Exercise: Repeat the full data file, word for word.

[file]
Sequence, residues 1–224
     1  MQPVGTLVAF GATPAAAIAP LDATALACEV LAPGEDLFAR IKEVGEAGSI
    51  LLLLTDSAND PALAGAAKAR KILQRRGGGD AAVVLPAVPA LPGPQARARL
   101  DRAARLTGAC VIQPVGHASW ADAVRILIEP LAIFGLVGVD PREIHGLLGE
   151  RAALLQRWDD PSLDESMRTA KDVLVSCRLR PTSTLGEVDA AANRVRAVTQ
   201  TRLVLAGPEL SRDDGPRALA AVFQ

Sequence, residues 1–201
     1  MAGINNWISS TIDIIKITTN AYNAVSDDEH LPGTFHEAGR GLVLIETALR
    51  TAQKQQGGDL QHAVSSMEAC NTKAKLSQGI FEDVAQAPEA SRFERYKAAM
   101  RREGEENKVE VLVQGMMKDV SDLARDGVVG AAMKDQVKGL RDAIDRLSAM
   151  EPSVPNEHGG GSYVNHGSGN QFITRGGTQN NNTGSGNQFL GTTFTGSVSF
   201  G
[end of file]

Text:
Sequence, residues 1–224
     1  MQPVGTLVAF GATPAAAIAP LDATALACEV LAPGEDLFAR IKEVGEAGSI
    51  LLLLTDSAND PALAGAAKAR KILQRRGGGD AAVVLPAVPA LPGPQARARL
   101  DRAARLTGAC VIQPVGHASW ADAVRILIEP LAIFGLVGVD PREIHGLLGE
   151  RAALLQRWDD PSLDESMRTA KDVLVSCRLR PTSTLGEVDA AANRVRAVTQ
   201  TRLVLAGPEL SRDDGPRALA AVFQ

Sequence, residues 1–201
     1  MAGINNWISS TIDIIKITTN AYNAVSDDEH LPGTFHEAGR GLVLIETALR
    51  TAQKQQGGDL QHAVSSMEAC NTKAKLSQGI FEDVAQAPEA SRFERYKAAM
   101  RREGEENKVE VLVQGMMKDV SDLARDGVVG AAMKDQVKGL RDAIDRLSAM
   151  EPSVPNEHGG GSYVNHGSGN QFITRGGTQN NNTGSGNQFL GTTFTGSVSF
   201  G